Photoreduction of outer membrane cytochromes: solution and proteoliposome nanocompartment studies

Ainsworth, Emma (2017) Photoreduction of outer membrane cytochromes: solution and proteoliposome nanocompartment studies. Doctoral thesis, University of East Anglia.

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Due to ever increasing global energy demand and depletion of fossil fuels, interest has grown in developing systems which can utilise the near limitless supply of energy provided to the Earth by the sun. Artificial photosynthetic systems mimic natural photosynthesis by using photosensitisers that absorb solar energy to generate high-energy electrons. These photoexcited electrons are passed to catalysts which drive reductive transformations to produce fuels and valued organic compounds. Sacrificial electron donors regenerate photosensitisers to complete the photocatalytic cycle. To date artificial photosynthetic systems are unable to fully mimic and reap the full benefits of natural photosynthesis as they lack spatially separating reaction compartments, and/or compartment-linking transmembrane electron transport chains.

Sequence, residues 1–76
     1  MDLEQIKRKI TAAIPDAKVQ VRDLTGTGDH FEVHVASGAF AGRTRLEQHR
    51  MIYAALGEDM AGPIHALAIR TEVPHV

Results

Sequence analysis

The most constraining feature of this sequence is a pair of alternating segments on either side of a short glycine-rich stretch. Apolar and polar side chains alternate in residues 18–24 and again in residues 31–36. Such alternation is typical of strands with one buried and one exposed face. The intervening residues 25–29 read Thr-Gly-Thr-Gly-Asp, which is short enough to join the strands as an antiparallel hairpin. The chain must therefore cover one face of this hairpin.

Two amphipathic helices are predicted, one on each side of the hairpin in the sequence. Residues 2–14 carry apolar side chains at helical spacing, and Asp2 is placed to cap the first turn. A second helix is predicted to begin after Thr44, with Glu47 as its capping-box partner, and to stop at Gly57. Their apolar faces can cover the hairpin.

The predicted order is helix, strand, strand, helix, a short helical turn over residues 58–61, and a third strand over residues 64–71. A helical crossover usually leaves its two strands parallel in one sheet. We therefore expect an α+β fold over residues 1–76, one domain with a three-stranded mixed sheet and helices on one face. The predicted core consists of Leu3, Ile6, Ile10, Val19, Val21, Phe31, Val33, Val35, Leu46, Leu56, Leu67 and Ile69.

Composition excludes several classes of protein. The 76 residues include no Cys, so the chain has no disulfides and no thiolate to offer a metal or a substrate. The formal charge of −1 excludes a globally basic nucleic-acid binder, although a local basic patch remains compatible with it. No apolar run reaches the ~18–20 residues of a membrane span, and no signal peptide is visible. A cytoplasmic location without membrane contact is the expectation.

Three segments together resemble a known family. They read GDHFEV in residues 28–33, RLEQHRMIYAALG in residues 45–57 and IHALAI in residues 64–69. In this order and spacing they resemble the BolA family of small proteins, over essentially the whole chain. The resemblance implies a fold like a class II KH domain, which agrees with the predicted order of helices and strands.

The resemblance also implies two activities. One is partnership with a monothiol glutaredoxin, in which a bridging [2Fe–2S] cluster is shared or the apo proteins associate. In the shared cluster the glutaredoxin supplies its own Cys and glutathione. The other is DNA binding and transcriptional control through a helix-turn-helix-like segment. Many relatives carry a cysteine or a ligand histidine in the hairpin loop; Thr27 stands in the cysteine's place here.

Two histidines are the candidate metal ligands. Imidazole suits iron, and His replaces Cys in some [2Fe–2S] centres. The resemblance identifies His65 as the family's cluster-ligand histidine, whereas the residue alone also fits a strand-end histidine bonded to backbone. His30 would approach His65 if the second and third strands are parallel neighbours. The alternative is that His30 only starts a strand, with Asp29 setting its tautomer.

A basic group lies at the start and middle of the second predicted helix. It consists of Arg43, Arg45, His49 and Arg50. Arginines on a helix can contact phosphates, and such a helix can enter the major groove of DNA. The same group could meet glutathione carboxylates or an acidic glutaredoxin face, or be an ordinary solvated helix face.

A model for the biochemistry that supports such transmembrane electron transfer is provided by the outer membrane cytochromes of Shewanella oneidensis MR-1. In this Gram-negative bacterium, trans-outermembrane electron transfer to extracellular electron acceptors is performed by the extracellular cytochromes MtrC and OmcA acting together with the porin:cytochrome complex (MtrCAB), which provides an outer membrane spanning conduit that moves electrons from the periplasm to the cell surface.
Liposomes offer reaction compartments which are separated from the surrounding external environment by a phospholipid membrane. Incorporation of MtrCAB in the membranes of liposomes containing methyl viologen facilitates transmembrane electron transfer from an external reductant to the compartmentalised electron acceptor. In this study the potential for MtrCAB proteoliposomes to act as a modular artificial photosynthetic system, which performs reductive transformations, was investigated. To explore this potential we have studied the ability of several photosensitisers to photoreduce: i) outer membrane cytochromes of S. oneidensis; ii) methyl viologen in solution and within liposomes; iii) MtrCAB in liposome membranes; and iv) reactive red 120 in solution and within (proteo)liposomes. In addition the sacrificial electron donor(s), photoreduction mechanisms and interaction mechanisms used by each photosensitiser have been identified.

Item Type: Thesis (Doctoral)
Faculty \ School: Faculty of Science > School of Chemistry
Depositing User: Users 4971 not found.
Date Deposited: 11 Jul 2017 15:14
Last Modified: 11 Jul 2017 15:14


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